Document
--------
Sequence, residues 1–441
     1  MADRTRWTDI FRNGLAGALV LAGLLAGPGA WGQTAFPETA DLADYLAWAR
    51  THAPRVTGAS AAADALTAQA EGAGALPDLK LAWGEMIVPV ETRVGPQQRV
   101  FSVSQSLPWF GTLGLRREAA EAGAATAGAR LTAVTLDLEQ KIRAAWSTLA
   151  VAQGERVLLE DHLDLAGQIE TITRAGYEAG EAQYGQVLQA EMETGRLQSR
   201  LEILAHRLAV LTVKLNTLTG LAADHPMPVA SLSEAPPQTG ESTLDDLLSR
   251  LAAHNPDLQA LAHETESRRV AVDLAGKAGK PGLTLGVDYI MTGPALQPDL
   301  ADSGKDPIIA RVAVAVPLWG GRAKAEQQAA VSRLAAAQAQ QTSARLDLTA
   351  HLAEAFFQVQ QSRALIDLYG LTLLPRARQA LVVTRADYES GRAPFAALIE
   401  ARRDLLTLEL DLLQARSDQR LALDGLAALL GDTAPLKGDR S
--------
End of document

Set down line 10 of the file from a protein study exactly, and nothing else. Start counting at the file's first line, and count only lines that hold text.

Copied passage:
   401  ARRDLLTLEL DLLQARSDQR LALDGLAALL GDTAPLKGDR S